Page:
The Bill introduces the "referendum lock" on the future transfer of powers to Brussels and - as Martin Howe noted this morning here on ConHome - seeks to make it explicitly clear that laws emanating from the EU have effect within the UK only for so long as that remains the will of Parliament.

However, the Telegraph reports that Bill Cash has tabled amendments to the Bill to further strengthen it by "reaffirming the supremacy of the UK Parliament" over British law.

But how real is the prospect of the Government being defeated on a European matter? The Coalition has a working Commons majority of 84, meaning that on a full turnout of MPs, at least 43 Government backbenchers would need to vote against a measure to raise the possibility of defeat.

Liberal Democrat MPs cannot be expected to do anything but back the Government in the face of a eurosceptic rebellion on European matters. The Telegraph suggests that Labour are open to backing Tory eurosceptic rebels on this matter, although it is surely unlikely that Labour would repeat its feat from the tuition fees vote and deliver a 100% turnout of its MPs. Then there are the assorted nationalists and Unionists to factor into the equation.

Thus far there have been three noteworthy Tory rebellions on European issues since the general election**:

  1. July 14th - 6 Conservative MPs opposed a motion supporting the establishment of the EU External Action Service, with one (Justin Tomlinson) registering a positive abstention by voting in both lobbies.
  2. October 13th - 37 Conservative MPs voted for an amendment to a motion tabled by Douglas Carswell demanding a reduction in the EU Budget contribution - although a further 12 had signed the amendment but did not in the event vote for it.
  3. November 11th - 25 Conservative MPs opposed a motion noting European Union documents relating to the co-ordination of economic policy in the EU.

** A fourth division relating to matters European - namely a motion tabled on December 14th supporting the Government's approach of working closely with the European Commission to deliver a strong, principles-based framework for financial sector corporate governance - saw just one Tory MP, Philip Hollobone, registering a vote against.

So who were they? (2010 intake are marked with an asterisk*)

Continue reading "Is a Commons defeat on Europe really on the cards for David Cameron?" »

9 Nov 2010 11:40:30

Douglas Carswell and John Redwood pile pressure on Cameron over EU Economic Governance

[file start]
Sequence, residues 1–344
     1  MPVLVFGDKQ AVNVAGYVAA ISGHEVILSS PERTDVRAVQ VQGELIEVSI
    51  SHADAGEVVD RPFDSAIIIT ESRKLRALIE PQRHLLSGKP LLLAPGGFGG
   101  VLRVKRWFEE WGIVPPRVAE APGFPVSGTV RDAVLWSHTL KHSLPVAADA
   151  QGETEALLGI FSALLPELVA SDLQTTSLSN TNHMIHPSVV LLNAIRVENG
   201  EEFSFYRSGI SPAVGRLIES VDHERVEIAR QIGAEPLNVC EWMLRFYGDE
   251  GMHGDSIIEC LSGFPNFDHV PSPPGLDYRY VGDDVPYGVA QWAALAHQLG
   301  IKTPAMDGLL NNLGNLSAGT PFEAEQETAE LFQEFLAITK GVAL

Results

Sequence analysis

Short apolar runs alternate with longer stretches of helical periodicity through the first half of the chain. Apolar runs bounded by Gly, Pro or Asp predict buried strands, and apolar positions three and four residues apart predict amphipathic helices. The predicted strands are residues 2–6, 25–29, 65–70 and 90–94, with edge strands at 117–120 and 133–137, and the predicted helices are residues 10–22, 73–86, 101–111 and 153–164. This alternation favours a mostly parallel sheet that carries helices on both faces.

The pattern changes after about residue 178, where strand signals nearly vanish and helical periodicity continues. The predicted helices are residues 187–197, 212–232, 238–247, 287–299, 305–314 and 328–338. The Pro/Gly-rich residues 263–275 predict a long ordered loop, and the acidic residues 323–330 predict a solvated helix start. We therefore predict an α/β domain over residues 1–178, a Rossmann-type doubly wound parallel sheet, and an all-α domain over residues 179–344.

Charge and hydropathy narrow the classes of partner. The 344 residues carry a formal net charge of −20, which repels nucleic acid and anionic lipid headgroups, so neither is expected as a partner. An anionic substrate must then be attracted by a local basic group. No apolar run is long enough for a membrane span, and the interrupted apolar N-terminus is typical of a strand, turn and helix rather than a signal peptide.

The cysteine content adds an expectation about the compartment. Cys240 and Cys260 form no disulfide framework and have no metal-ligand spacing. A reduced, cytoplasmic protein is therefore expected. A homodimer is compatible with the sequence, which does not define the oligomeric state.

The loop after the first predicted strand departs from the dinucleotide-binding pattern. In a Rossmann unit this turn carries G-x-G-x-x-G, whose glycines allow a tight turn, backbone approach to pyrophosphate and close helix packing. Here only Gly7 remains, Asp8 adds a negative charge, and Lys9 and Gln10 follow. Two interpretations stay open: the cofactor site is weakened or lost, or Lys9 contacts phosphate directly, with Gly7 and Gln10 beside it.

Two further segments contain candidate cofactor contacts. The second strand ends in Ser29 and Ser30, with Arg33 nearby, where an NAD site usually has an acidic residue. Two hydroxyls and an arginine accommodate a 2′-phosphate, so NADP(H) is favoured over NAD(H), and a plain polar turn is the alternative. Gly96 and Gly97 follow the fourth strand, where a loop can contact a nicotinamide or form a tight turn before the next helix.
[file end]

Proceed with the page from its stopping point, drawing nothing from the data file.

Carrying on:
By Tim Montgomerie

Who has the real power in UK-EU relations? Douglas Carswell, noting that policy towards the EU seems to more or less stay the same whichever party is in power, argues that the UK's Permanent Representative at the EU holds significant power. It reminds me of that Yes, Minister sketch when Sir Humphrey Appleby says that it is much better that civil servants and teacher unions decide education policy because ministers are always changing.

Acting on his instincts Douglas Carswell has teamed up with a few other Eurosceptic Tories - Steve Baker, Philip Davies, David Davis, Richard Drax, Zac Goldsmith, Chris Heaton-Harris, Philip Hollobone, Mark Reckless and Charles Walker - to table a motion on today's Commons Order Paper calling for the UK Permant Representative to answer questions at the bar of the House.

It won't happen, of course, but the UK's Permanent Rep should be accountable to MPs.

John Redwood is also on the warpath. He has been looking at the detail of the new economic surveillance powers that Brussels and Angela Merkel want. He concludes they are unacceptable and blogs:

"The UK is exempted from the sanctions and enforcement measures, but is still part of this big increase in economic surveillance and common policy making. If it is all as harmless and unimportant as the governemnt says, why don’t we just exempt ourselves from the whole thing, and demand powers back in return for any assent to a new Treaty?"

Meanwhile, on Planet European Parliament, MEPs are insisting that they want more than a 2.9% increase in their annual budget. Unacceptable as a further budget increase is, it must not distract us from the real issue. Cameron wants us all focused on the budget debate. The real issues are the new economic surveillance powers and the failure of the Coalition to use Merkel's Treaty amendment to negotiate repatriation of some powers (as the Tory manifesto promised to do). Nick Clegg, in an interview with Friday's FT, made it clear that repatriation was not acceptable to him. The Tory Mainstream must make it clear that the economic surveillance powers are unacceptable to them.

1 Nov 2010 16:30:46

David Cameron mocked by Ed Miliband for abandoning campaign to freeze EU budget